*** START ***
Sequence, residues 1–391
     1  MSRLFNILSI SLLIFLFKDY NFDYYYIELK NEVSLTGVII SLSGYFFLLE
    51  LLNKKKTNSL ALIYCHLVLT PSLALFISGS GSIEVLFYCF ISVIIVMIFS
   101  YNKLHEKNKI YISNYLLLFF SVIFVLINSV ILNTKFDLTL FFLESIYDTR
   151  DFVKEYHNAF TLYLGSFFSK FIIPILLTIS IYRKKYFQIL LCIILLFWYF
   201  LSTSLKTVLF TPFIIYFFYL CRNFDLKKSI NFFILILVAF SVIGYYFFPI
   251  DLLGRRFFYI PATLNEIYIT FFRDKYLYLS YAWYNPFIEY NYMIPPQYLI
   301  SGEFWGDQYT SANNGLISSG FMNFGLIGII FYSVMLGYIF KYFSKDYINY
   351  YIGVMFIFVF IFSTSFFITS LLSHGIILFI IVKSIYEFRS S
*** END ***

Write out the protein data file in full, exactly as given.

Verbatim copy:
Sequence, residues 1–391
     1  MSRLFNILSI SLLIFLFKDY NFDYYYIELK NEVSLTGVII SLSGYFFLLE
    51  LLNKKKTNSL ALIYCHLVLT PSLALFISGS GSIEVLFYCF ISVIIVMIFS
   101  YNKLHEKNKI YISNYLLLFF SVIFVLINSV ILNTKFDLTL FFLESIYDTR
   151  DFVKEYHNAF TLYLGSFFSK FIIPILLTIS IYRKKYFQIL LCIILLFWYF
   201  LSTSLKTVLF TPFIIYFFYL CRNFDLKKSI NFFILILVAF SVIGYYFFPI
   251  DLLGRRFFYI PATLNEIYIT FFRDKYLYLS YAWYNPFIEY NYMIPPQYLI
   301  SGEFWGDQYT SANNGLISSG FMNFGLIGII FYSVMLGYIF KYFSKDYINY
   351  YIGVMFIFVF IFSTSFFITS LLSHGIILFI IVKSIYEFRS S